“Getting pre-approved for a loan is obviously important, but is there anything else they can do to put themselves in a good position?” he says. “Buyers need to be ready to buy a house before they start looking.”

Too often, buyers don’t line up their financing until they find a home they want to buy, van Winkle says. In the current competitive market, waiting to get pre-approval means you could lose out on purchasing a home you love.

“That creates a mad dash and stress to get everything lined up under pressure,” he says. “Get all your financing secured and ready before you look, that way when you find the right home you’re 100% ready.”

Starting early could also help you lock in an ultralow interest rate, which could affect your monthly mortgage payment and mean you could afford a more expensive home. As of Oct. 22, Freddie Mac listed rates at 2.8% for a 30-year fixed-rate loan.

Know what you want before you house hunt

COVID-19 has changed how we live and work. We’re spending much more time at home, and people are looking for different features in their living spaces.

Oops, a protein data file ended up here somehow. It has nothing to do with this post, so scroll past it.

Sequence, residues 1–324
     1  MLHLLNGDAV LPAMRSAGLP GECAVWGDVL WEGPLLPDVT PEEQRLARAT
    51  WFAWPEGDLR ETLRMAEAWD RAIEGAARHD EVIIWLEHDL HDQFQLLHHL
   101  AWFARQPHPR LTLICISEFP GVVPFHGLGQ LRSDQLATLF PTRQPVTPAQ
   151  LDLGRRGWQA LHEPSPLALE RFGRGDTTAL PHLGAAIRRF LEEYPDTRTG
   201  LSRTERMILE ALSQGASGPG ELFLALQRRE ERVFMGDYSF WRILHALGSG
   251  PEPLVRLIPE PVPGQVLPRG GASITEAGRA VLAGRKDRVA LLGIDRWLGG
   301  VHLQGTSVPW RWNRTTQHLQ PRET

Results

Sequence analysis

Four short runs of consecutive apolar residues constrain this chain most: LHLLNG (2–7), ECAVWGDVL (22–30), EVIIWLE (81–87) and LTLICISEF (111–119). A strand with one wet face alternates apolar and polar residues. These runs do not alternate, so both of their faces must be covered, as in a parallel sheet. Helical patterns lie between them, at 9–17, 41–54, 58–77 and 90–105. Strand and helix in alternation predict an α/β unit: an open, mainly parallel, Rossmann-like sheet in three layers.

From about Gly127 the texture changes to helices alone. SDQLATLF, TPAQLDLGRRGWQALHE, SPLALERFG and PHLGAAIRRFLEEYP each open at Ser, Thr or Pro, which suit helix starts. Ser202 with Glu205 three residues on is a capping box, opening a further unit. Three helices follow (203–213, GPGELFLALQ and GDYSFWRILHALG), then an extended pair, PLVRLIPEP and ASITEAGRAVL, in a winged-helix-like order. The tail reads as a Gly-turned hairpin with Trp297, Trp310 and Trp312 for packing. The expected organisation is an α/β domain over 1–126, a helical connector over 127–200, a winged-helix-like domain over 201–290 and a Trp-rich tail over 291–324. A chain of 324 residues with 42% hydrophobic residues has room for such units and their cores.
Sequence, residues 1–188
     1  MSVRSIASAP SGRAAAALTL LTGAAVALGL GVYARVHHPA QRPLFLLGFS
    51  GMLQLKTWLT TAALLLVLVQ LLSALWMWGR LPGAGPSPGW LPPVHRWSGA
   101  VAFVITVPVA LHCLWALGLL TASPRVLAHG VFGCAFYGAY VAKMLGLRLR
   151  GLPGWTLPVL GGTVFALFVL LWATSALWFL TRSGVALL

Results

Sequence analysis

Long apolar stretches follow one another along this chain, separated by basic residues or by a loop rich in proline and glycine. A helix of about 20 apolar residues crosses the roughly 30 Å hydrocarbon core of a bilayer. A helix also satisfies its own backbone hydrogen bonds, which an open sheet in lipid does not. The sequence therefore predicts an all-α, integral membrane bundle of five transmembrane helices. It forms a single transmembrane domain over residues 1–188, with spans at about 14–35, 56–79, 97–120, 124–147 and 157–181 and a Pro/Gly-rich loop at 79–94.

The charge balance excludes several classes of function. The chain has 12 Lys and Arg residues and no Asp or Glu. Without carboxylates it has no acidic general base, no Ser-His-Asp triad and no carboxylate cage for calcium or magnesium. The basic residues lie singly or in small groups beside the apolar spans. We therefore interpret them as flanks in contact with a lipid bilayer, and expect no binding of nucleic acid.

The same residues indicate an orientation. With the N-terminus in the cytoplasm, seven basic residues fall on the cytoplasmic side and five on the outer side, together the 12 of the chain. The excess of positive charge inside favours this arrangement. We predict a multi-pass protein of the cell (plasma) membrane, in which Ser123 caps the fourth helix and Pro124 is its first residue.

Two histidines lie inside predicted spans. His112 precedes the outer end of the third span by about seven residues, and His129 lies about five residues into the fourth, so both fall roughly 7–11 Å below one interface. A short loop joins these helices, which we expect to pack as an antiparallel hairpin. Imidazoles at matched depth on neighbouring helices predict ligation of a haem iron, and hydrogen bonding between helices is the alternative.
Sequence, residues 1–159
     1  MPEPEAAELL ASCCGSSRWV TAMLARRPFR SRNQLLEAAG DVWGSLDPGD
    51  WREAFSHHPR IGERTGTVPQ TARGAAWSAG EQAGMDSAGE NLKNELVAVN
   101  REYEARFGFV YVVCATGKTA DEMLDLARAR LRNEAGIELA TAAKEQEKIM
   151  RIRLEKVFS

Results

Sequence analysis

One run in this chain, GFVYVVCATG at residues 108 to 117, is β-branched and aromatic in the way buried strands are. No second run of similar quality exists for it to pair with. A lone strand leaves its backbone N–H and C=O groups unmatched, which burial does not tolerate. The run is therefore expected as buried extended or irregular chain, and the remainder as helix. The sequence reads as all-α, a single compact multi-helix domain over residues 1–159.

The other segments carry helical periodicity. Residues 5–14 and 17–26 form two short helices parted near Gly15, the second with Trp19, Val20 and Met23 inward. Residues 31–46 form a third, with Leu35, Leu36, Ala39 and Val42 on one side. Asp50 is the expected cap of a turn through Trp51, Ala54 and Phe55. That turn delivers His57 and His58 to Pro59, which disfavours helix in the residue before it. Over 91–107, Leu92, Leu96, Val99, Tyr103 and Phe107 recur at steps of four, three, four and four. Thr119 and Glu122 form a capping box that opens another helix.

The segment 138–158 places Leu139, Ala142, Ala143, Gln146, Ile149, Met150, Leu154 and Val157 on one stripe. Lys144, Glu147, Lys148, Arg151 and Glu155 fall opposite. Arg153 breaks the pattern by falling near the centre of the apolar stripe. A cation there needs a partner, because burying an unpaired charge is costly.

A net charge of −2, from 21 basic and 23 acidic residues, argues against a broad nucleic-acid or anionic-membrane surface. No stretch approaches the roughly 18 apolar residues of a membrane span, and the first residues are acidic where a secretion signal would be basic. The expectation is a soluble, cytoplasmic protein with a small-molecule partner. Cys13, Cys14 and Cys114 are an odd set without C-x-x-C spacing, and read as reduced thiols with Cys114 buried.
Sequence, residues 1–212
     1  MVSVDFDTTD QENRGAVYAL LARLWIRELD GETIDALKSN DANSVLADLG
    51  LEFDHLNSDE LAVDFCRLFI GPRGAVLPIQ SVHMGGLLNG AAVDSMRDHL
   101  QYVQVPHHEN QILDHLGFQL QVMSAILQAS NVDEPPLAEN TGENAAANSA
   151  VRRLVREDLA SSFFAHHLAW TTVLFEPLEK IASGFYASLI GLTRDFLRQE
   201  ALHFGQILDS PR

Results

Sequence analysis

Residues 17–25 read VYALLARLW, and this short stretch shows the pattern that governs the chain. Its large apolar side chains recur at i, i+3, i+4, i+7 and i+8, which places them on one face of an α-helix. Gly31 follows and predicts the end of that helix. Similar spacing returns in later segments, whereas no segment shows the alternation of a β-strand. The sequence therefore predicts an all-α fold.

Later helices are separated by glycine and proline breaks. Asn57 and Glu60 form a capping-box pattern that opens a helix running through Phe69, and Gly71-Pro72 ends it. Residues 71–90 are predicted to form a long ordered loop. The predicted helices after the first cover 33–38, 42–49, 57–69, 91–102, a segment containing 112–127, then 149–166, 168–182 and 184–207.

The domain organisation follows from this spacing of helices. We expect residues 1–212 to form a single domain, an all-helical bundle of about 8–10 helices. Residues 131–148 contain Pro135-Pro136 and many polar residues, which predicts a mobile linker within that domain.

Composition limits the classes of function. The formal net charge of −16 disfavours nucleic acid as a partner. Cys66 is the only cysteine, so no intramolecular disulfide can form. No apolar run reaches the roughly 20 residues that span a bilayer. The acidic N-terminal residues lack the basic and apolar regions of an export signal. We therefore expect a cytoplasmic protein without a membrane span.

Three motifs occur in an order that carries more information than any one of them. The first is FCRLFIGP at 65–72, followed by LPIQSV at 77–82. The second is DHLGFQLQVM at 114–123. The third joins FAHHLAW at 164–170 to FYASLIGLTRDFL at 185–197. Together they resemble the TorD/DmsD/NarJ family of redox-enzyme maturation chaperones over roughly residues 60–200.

Make a list of your must-haves before you start house shopping—and share your needs with your real estate agent.

Simon Isaacs, broker and owner of Simon Isaacs Real Estate in Palm Beach, FL, says it helps cut down on the number of homes you’ll have to view before finding the right one.

“I would suggest buyers not look at 25 homes,” he says. “If the agent is showing them that many houses, the agent doesn’t know what they want.”

In such a competitive landscape, knowing exactly what you want enables you to act fast when you want to make an offer.

Tour homes virtually first

More real estate agents are embracing virtual tours and remote showings to ease coronavirus safety concerns. In some cases, they’re even limiting in-person showings to the most serious buyers—those with financing already secured, for example.

“Real estate agents in our local market are adjusting to the client’s needs by continuing to provide in-person showings with precautions and also assisting buyers virtually with their home purchases,” says Matt Curtis, owner of Matt Curtis Real Estate in Huntsville, AL.